Advancing towards gold production in Ontario…

Markets, Mergers and Acquisitions, Mining, News — By on April 23, 2016 at 9:28 PM
Marc Henderson of Treasury Metals.

Marc Henderson of Treasury Metals.

Advancing towards gold production in Ontario: development company Treasury Metals chairman briefs London investors

By James Brewer

Canada has been in the grip of a mini-gold rush – one quite different from the Klondike stampede that dominated the 1890s. The more considered trend of the last 16 months has been for mergers and acquisitions in the wake of the reluctance of investors to finance big projects.

The focus has thus switched to smaller companies. Few of these have advanced-stage Canadian gold development projects remaining after the industry shake-out, and one of them, Toronto-listed Treasury Metals Inc, has been briefing investors on its progress.

Marc Henderson, Treasury Metals chairman, has been in London to detail how the company is developing in northwestern Ontario what it calls its Goliath Gold Project, aiming to make it one of Canada’s next producing gold mines.

Mr Henderson made it clear that in terms of scale and costing, the project is manageable, amid the tight financing environment.

Unlike the Yukon targets of the late 19th century, which demanded a risky North Pacific voyage to the ports of Alaska, the Treasury Metals property is comfortably served by modern transport and power infrastructure.

While the great Yukon gold rush has a famous history, gold has featured even longer in the history of Ontario, where it was discovered in 1866.

Treasury Metals is a single-asset company, and this may be one of its great advantages in the present market, where it already has a $45m market capitalisation.

Analysts have forecast that the trend of gold company mergers and acquisitions will be in the interests of shareholders whose returns have suffered amid falling valuations. Gold companies have been selling properties and slashing costs in an effort to stay alive having gone through a period in 2015 when gold was at a five-year low. In the first quarter of 2016, gold has rebounded to around $1, 250 an ounce, just above what is seen generally as the break-even point for gold juniors with high costs.

That crunch point is not so much of a worry for Treasury Metals, which has predicted an operating cash cost per ounce of gold of C$698.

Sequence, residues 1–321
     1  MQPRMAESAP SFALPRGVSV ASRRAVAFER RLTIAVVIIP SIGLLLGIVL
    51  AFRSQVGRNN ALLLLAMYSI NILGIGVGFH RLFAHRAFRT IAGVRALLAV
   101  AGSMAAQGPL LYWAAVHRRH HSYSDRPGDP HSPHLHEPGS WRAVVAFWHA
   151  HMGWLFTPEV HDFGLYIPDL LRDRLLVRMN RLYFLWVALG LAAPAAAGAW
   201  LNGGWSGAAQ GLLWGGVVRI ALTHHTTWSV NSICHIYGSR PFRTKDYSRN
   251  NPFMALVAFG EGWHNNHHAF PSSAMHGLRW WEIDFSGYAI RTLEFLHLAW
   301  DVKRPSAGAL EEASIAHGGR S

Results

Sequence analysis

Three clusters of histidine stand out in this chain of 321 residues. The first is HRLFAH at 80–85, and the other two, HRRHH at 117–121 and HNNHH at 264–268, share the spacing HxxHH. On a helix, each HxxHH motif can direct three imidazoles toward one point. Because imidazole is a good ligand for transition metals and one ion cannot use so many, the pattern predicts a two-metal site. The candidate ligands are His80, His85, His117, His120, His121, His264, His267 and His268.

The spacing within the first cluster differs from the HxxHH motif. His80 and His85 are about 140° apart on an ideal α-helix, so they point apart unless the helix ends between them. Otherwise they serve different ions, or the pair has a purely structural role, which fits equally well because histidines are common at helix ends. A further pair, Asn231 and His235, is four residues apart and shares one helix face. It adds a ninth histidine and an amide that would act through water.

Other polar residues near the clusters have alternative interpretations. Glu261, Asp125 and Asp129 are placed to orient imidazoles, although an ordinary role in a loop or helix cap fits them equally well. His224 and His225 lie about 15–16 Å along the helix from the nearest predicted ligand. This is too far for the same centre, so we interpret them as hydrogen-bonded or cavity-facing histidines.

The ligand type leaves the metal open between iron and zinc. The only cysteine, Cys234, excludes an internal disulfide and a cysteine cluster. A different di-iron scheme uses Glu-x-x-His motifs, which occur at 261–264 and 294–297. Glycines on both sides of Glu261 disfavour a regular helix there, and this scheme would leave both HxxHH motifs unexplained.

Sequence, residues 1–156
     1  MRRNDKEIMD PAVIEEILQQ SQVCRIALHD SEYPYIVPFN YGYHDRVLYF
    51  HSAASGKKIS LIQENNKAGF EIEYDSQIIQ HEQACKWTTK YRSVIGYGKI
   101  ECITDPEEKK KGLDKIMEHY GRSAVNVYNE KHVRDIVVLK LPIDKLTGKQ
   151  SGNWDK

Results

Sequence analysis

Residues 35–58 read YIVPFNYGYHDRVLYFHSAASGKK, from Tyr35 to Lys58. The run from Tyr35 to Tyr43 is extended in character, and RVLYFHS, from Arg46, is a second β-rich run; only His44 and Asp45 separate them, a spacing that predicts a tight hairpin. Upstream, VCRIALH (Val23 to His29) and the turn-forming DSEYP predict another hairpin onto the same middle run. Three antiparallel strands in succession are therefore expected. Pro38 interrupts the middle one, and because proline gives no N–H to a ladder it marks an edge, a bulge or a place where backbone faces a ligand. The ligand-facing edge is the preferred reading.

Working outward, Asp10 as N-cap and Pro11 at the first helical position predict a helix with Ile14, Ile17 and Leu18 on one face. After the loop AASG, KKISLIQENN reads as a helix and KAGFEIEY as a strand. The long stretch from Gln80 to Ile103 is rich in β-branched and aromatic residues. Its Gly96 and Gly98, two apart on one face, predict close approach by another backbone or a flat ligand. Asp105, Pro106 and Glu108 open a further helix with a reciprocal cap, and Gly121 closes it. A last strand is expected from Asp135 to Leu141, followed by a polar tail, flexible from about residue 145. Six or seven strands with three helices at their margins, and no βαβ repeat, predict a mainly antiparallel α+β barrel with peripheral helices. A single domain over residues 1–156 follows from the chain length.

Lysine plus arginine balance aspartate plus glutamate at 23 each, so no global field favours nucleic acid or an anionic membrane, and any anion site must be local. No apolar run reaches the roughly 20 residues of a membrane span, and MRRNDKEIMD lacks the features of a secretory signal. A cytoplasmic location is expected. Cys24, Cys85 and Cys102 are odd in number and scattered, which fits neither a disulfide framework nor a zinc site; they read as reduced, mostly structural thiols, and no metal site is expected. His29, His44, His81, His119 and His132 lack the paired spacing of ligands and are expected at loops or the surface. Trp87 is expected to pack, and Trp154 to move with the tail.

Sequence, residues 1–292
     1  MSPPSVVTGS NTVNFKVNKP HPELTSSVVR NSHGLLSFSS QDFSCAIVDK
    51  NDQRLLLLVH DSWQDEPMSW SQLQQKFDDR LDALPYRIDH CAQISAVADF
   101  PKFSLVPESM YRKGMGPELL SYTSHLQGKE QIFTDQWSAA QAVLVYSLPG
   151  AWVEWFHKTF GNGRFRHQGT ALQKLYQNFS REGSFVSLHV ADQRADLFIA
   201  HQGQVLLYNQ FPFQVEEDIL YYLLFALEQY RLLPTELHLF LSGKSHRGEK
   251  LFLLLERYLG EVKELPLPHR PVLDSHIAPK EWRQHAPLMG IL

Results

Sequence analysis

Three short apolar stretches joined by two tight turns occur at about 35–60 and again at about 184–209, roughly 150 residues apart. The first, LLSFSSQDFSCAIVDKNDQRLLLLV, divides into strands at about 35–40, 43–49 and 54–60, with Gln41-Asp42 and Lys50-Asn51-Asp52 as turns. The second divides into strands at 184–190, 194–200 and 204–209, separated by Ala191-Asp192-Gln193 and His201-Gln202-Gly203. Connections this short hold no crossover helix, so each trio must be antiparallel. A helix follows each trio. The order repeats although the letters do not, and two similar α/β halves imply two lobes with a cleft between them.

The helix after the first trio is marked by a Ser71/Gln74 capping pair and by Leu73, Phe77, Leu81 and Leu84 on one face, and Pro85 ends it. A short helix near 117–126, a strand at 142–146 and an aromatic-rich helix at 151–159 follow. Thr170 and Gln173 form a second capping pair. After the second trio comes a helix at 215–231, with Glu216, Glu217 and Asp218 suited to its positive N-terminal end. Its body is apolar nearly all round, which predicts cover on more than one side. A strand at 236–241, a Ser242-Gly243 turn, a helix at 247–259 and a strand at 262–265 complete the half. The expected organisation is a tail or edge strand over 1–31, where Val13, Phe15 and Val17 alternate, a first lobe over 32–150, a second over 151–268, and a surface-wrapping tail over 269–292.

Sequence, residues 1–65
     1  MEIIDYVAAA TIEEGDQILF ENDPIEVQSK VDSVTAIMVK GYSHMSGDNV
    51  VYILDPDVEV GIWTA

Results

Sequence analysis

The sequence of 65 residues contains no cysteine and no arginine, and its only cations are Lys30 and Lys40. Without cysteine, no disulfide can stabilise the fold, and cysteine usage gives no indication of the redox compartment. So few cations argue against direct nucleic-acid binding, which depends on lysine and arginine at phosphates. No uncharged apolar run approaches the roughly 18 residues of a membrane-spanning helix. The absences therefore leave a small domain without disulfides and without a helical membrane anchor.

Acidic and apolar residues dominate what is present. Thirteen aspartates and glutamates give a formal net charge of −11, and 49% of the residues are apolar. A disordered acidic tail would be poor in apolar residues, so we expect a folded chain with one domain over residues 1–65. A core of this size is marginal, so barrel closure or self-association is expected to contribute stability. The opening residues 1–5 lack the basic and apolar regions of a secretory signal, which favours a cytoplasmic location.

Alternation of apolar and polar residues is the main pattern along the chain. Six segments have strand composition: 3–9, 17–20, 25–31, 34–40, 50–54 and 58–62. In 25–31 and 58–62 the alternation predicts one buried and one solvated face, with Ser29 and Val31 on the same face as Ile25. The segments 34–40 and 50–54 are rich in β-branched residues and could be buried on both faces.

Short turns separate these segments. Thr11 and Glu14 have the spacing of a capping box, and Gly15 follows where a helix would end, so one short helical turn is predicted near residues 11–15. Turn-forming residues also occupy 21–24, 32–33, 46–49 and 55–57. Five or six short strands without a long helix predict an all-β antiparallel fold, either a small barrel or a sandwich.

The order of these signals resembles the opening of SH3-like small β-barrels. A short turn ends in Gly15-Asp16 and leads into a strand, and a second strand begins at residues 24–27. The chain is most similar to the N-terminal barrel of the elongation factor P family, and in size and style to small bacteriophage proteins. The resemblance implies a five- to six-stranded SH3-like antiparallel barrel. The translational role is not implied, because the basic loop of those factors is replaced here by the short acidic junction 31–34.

The jump in gold prices prompted a revaluation of advanced stage Canadian projects and increased merger and acquisition activity, especially in the mining-friendly provinces of Ontario and Quebec, where the market has paid a premium compared to other jurisdictions. There have been half a dozen such transactions lately, with deals negotiated totalling at least $3.8bn. This clearly supports the case for investing in companies with attractive assets.

Treasury Metals (TML-TSX) wholly owns its production-ready, late stage Goliath Gold project which so far has demonstrated a resource measured and indicated of 1, 165, 800 ounces gold equivalent.

The project is one of the last relatively easy exploration plays that are close to good infrastructure. Located 20 km east of Dryden, Ontario, just off of the TransCanada Highway, it has access to power, local workforce and transport. It is a four hour drive from Winnipeg or Thunder Bay. Three operating mines run by other companies are nearby.

Treasury Metals is advancing through the Canadian permitting process to begin production in the near future with an open-pit mine about 1km long, served by a processing mill with capacity of up to 2, 500 tons per day. Strong results in metallurgy recovery are foreseen. Open pit mine life will be four years or more and underground operations would be funded from the project’s initial three years of cash flow. This would give total mine life of just over 10 years.

The board is targeting early 2017 for completion of permitting and starting construction, initial capital expenditure estimated at a modest C$92m. Life-of-mine capital expenditure would be around C$200.5m including underground development.

Results of drilling programmes have defined high-grade near-surface intersections, indicating significant upside potential for both resource and project economics, says the company.

Treasury Metals says that the resource benefits from a high average open pit grade of 2.80 grams of gold equivalent per ton of ore, and average undiluted underground grade of 5.13 grams. At such levels, “that is financeable, ” ventured one analyst.

The company has strong insider ownership, and a management track record of negotiating buyouts.  Mr Henderson was earlier president of a company called Minefinders Corp which owned a silver and gold producing mine in Mexico and which was bought in 2012 for $1.5bn by the major, Pan American Silver.  Treasury Metals (www.treasurymetals.com) which has a global shareholder base of 7, 500 shareholders has raised $25m since 2011.

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